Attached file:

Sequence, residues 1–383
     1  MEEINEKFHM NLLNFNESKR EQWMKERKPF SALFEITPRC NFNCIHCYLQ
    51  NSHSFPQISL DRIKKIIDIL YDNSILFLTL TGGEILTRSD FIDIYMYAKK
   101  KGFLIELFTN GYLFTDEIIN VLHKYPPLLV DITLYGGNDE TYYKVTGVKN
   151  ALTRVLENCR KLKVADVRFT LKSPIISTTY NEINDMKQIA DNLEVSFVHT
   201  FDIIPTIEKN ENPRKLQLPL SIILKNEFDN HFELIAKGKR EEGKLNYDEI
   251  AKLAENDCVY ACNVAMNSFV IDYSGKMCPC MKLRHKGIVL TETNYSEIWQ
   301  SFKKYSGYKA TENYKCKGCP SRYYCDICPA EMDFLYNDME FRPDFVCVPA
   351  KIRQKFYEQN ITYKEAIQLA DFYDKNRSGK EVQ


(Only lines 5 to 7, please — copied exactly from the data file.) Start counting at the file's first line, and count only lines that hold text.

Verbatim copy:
   151  ALTRVLENCR KLKVADVRFT LKSPIISTTY NEINDMKQIA DNLEVSFVHT
   201  FDIIPTIEKN ENPRKLQLPL SIILKNEFDN HFELIAKGKR EEGKLNYDEI
   251  AKLAENDCVY ACNVAMNSFV IDYSGKMCPC MKLRHKGIVL TETNYSEIWQ